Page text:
Burned Korans


By: John Hampton

Violence continues to escalate in Afghanistan after NATO troops under U.S. command inadvertently burned an unknown number of Korans last week. The incident came about after the Korans, along with other religious materials, were sent to a disposal site at Bagram Air Base outside Kabul. The material ended up in a pit and was burned. Afghan workers later discovered the Korans. The protests began from that point, as the Afghans alleged the burning was a deliberate act meant to offend them.

According to CBS News, a military official with knowledge of the incident said it appeared that the Korans and other material were being used to fuel extremism, as detainees at Parwan Detention Facility (adjacent to Bagram Air Base) were writing on the documents to exchange extremist messages. Muslims are permitted to dispose of Korans that have been damaged or corrupted to prevent God’s word from being defiled. Approved disposal methods include burning or burying. However there is one caveat; anyone who touches a Koran must be in a state of ritual purity.

If, as the CBS article suggests, the detainees had entered hand written extremist notes in these sacred Muslim books, would that not have rendered them damaged or corrupted? As the article also suggests, under these conditions burning would be one of the acceptable means of disposal. But let’s not forget the caveat – only those in a state of ritual purity may touch a Koran. Muslim detainees handled the books. If they were writing extremist notes in them, it’s hard to imagine that such behavior could elevate them to a state of ritual purity.

Upon learning of the incident, President Obama wrote an apology letter to Afghan president Hamid Karzai. The letter was forwarded to U.S. Ambassador Ryan Crocker who personally delivered it to Karzai. In the letter, Mr Obama expressed “deep regret” over the incident that he said was unintentional and pledged that those responsible would be held accountable.

Peter Lavoy, acting assistant Secretary of Defense for Asia and Pacific Security Affairs, delivered an apology to a group at a mosque in Washington D.C. During the mea culpa, Mr Lavoy said that the military was investigating the incident and all troops would be retrained in the handling of religious materials. He further related that Defense Secretary Leon Panetta apologized and pledged to personally review results of an investigation into the incident. Lavoy offered another apology to a group gathered at the ADAMS Center in Sterling VA.

General John Allen, commander of U.S. and NATO forces in Afghanistan, apologized to the Afghan people and told them that the books were inadvertently designated for burning.The general said that all coalition forces in Afghanistan would be given training in how to handle religious material. Topics to be covered in the training will include: identification of religious material, significance attached to it and how to properly handle and store such material.

Pentagon Press Secretary George Little added his apology by saying “This is an issue we know is of concern, not only to Afghans, but to other Muslims around the world, including in the United States. We want to send a strong signal to the American Muslim community that we deplore what happened and apologize for it.”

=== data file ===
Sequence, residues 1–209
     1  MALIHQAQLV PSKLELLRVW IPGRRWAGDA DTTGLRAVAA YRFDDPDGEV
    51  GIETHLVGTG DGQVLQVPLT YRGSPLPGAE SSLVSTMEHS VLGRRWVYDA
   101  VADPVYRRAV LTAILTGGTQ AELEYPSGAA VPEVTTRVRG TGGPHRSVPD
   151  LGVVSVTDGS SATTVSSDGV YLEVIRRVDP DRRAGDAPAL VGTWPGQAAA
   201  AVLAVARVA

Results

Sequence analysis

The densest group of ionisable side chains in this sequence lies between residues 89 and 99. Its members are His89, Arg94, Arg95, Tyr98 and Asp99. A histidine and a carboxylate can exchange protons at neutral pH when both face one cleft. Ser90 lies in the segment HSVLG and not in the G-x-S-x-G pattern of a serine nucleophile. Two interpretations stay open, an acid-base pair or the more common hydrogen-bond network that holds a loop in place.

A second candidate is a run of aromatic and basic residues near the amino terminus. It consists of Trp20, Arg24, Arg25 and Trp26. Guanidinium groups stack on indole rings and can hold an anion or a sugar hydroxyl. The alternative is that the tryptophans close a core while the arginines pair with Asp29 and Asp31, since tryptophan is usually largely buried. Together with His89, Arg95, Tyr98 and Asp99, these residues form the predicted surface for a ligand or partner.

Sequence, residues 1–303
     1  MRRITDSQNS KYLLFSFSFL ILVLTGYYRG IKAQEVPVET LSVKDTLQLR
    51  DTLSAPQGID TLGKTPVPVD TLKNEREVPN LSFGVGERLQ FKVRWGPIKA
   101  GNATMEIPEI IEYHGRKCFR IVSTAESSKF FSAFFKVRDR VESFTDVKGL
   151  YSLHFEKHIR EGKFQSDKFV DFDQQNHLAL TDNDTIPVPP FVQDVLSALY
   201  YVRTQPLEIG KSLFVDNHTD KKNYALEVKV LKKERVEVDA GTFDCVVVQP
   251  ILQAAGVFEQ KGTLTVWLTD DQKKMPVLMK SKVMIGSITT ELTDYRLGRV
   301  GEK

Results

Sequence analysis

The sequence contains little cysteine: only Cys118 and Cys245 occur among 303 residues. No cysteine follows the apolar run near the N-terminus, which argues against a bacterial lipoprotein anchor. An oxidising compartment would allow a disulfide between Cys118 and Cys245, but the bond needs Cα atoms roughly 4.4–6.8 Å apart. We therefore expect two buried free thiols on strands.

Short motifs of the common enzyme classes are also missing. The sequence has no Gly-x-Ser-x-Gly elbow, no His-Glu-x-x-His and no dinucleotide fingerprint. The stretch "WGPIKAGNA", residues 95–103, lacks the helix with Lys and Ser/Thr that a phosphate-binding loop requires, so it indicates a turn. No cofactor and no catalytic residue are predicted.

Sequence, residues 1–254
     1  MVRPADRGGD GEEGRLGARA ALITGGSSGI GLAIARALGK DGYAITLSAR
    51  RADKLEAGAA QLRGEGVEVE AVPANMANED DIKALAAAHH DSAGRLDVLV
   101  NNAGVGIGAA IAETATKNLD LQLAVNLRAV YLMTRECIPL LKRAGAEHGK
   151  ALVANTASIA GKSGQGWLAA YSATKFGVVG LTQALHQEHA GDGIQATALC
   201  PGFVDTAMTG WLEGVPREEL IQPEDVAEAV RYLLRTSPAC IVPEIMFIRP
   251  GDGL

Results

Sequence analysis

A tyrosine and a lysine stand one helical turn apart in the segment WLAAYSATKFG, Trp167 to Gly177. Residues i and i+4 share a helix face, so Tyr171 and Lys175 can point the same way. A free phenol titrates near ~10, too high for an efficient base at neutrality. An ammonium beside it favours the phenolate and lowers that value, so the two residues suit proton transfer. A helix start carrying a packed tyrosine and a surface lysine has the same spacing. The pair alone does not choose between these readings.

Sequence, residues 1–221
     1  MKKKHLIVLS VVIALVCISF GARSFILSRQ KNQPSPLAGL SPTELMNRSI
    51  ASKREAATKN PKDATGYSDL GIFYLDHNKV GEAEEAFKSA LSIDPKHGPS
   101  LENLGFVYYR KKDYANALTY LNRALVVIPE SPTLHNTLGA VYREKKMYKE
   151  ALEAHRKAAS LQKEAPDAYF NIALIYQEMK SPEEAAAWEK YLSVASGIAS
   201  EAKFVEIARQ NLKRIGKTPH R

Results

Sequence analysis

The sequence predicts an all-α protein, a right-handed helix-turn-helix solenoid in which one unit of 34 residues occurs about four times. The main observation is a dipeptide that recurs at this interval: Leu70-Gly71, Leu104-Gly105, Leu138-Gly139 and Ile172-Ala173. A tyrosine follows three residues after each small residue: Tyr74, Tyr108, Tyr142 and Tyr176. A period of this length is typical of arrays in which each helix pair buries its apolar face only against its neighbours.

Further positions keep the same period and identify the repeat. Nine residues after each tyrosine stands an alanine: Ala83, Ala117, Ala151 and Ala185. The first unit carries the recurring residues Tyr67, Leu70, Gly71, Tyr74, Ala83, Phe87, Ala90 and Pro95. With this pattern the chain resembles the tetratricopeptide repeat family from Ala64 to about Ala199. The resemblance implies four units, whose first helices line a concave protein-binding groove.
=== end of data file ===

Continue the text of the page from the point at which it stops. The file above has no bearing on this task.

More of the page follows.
White House Press Secretary Jay Carney put forth his apology as well and posited that the incident was not intentional. Carney said President Obama’s primary concern was “the safety of American men and women in Afghanistan, of our military and civilian personnel there.”

Why has President Obama mandated such an inordinate number of apologies? Does he feel that this will quell the violence? U.S. officials have said the Koran burning was unintentional. So why is it necessary to prostrate ourselves before the Afghan people? And if the detainees had indeed written extremist messages in the Korans, would it not have been the duty of those in charge to remove and dispose of them?

Unfortunately, none of these efforts prevented a gunman from executing two U.S. military advisers inside the heavily guarded Interior Ministry Building in Kabul on Saturday. Both men were found dead in their offices. The Taliban has since claimed responsibility for the killings, citing revenge for the burning of the Korans as the motive. In total, 4 U.S. service men and 30-40 Afghans have been killed since the incident took place.

I believe that a single apology along with the assurance of an investigation from General Allen would have been sufficient. President Obama himself said the Koran burning was unintentional. If he believes this, why is he so adamant about holding someone accountable? There are many examples of sectarian violence in the Middle East. In some cases, Korans are burned and mosques are destroyed. And these actions are anything but unintentional!

There seems to be a conception that any affront to a person of the Muslim faith (even if unintentional) committed by a non-Muslim, is somehow more egregious than if it were committed by another Muslim. Is not a burnt Koran a burnt Koran regardless of who strikes the match? President Obama is concerned over this incident and he should be. All Americans should be concerned about religious freedom and tolerance. However, he should not be conditioning those elements of the Muslim world that are hostile to the United States, to believe that their religious tenets and practices are more holy, more sacred, more divine and more worthy of respect, than those of any group that believe differently.

About The Author John Hampton:
John Hampton lives in Tehachapi CA and is quite concerned about the policies and motives of the current Administration. He believes in a system that holds our freedoms sacred, promotes personal responsibility, prudence and high moral standards.
Website:http://www.inconservativecompany.com/

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